Silver-zeolite clusters could replace expensive, toxic phosphors
Researchers used zeolites to incorporate silver nanoclusters in a well-defined framework with molecular-scale channels and cavities.
Space confinement of clusters of metallic atoms is a versatile method to control and enhance the electrical and optical properties of nanomaterials. Researchers at the University of Leuven (KU Leuven; Leuven, Belgium) and the University of Strasbourg (Strasbourg, France) have successfully used zeolites—natural, porous minerals that can also be synthetically produced—to incorporate silver nanoclusters in a well-defined framework with molecular-scale channels and cavities. Through customization of the zeolite host, the properties of the silver clusters can be tuned to create photoluminescent materials that emit from deep red to green with luminescence efficiencies of nearly 100%.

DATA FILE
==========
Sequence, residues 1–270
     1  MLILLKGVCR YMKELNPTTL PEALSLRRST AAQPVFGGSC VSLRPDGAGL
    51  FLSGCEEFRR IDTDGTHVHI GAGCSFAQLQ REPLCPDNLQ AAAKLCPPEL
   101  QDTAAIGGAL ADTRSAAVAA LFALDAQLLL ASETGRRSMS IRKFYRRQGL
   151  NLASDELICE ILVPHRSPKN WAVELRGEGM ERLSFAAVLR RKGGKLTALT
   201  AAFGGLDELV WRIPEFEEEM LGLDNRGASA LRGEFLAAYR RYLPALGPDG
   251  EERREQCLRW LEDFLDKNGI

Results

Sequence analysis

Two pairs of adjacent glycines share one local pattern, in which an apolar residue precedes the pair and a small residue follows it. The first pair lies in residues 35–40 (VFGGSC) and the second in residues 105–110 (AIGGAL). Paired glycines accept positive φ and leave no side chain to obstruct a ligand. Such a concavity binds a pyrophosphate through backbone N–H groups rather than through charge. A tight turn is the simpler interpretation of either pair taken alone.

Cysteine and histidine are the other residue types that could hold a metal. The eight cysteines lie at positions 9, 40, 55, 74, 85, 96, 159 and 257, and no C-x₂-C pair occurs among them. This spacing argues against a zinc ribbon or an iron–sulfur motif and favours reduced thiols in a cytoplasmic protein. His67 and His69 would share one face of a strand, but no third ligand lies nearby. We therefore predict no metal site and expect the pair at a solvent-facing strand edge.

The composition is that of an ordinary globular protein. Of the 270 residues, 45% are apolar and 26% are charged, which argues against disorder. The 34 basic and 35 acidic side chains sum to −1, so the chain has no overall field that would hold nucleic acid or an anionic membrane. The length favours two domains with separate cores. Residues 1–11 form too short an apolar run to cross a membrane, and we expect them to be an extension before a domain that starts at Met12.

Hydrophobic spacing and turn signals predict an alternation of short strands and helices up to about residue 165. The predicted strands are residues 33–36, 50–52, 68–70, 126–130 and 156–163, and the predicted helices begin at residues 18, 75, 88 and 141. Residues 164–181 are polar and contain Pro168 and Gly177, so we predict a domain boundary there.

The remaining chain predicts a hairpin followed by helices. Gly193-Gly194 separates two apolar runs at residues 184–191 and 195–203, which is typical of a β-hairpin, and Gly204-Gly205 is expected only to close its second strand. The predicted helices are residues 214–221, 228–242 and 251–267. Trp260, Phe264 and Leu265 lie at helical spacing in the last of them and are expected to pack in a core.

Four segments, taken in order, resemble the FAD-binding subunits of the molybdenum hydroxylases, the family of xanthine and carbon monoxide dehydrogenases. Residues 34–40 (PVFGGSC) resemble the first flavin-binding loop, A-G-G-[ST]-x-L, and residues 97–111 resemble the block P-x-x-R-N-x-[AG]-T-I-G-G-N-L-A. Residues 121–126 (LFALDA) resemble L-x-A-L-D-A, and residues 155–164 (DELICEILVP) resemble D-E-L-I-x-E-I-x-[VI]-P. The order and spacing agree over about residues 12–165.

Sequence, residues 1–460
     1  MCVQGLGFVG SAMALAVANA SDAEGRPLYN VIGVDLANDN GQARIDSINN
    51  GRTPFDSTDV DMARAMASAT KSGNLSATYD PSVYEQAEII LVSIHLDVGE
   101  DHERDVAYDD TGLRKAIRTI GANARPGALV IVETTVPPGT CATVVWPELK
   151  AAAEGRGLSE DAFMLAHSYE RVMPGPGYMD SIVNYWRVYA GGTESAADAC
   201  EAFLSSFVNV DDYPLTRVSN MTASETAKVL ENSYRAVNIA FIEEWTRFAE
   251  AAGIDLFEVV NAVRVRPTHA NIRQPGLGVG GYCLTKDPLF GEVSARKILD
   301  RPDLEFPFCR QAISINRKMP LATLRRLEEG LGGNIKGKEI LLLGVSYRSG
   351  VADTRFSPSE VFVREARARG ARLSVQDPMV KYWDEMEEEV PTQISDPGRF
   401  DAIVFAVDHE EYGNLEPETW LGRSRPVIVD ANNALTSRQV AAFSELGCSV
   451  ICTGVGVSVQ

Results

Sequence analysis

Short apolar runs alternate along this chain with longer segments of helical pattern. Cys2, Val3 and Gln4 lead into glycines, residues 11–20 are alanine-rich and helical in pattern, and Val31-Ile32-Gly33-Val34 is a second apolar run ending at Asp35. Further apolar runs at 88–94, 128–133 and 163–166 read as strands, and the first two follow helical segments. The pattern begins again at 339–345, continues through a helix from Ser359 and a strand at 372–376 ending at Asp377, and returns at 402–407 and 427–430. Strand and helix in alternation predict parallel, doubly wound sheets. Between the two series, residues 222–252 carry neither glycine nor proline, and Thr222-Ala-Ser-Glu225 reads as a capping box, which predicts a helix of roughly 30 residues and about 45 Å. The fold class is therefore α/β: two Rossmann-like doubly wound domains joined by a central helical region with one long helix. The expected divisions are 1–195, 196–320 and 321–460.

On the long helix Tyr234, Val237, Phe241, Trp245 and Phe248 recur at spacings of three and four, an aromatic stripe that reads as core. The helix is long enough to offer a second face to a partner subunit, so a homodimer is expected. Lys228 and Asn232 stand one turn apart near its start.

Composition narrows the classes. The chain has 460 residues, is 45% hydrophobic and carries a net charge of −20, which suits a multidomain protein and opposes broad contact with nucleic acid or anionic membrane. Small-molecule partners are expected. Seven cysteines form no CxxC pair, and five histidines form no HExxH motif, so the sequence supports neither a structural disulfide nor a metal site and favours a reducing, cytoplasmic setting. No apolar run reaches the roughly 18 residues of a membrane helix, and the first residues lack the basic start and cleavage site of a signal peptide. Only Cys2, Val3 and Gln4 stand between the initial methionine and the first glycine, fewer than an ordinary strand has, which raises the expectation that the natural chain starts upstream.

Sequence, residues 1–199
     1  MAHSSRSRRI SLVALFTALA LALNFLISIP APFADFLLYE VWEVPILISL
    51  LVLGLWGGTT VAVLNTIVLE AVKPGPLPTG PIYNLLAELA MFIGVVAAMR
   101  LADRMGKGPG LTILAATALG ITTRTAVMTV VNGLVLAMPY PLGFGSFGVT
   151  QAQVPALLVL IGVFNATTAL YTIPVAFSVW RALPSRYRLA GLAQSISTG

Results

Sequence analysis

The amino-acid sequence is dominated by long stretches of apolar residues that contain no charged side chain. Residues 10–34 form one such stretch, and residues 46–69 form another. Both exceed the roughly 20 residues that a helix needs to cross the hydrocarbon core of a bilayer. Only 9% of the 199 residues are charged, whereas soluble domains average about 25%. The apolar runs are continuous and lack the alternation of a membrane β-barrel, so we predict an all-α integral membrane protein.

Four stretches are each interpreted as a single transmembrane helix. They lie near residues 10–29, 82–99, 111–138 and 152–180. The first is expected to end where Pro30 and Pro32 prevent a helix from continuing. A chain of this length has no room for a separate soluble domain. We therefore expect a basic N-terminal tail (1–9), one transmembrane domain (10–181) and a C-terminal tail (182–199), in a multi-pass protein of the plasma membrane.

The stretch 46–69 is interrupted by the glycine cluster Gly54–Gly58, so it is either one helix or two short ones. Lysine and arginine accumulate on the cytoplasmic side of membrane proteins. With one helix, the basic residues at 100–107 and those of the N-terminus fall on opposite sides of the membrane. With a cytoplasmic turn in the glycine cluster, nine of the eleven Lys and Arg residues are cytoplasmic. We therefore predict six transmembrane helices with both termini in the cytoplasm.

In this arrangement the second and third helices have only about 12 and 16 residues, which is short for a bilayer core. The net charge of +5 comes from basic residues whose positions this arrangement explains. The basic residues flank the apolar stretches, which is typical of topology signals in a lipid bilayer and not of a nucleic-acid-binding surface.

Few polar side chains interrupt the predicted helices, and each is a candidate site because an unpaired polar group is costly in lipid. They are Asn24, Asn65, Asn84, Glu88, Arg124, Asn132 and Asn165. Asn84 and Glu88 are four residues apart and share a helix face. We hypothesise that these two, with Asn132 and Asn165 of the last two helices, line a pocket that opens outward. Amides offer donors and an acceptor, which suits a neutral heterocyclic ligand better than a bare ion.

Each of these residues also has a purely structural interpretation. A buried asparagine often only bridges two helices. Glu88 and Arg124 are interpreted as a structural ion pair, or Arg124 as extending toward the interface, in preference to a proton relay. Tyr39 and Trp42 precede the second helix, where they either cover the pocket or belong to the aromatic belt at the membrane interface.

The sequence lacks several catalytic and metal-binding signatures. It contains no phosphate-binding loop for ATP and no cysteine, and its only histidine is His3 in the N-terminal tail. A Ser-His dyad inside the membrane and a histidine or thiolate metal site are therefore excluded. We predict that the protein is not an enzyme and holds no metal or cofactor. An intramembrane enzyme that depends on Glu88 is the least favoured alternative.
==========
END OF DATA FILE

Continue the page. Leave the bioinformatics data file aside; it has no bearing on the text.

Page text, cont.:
Starting from a variety of classes of zeolite materials with different silicon-to-aluminum ratios and containing different alkali metal ions, silver uptake was accomplished through cation exchange by immersing zeolite materials in a silver nitrate bath. After thermal treatment at 450°C, the silver-zeolites became luminescent. Characterization of these materials using x-ray photoelectron spectrometry (XPS) and extended x-ray absorption fin structure (EXAFS) revealed that the zeolite geometry and the charge density of the alkali environment affected the configuration of embedded silver nanoclusters, and allowed a greater-than 0.5 eV tuning of their ionization potential. Illumination of various nanoclusters by monochromatic light from a fluorimeter resulted in highly efficient photoluminescence from red to green (500–700 nm, with full-width half-maximum at approximately 100 nm) with external quantum efficiencies between 50% and 97%. Zeolites, commonly used in washing powders, combined with silver particles could be a far more economical option than expensive and sometimes-toxic phosphors. Reference: O. Fenwick et al., Nat. Mater.; doi:10.1038/nmat4652 (Jun. 6, 2016).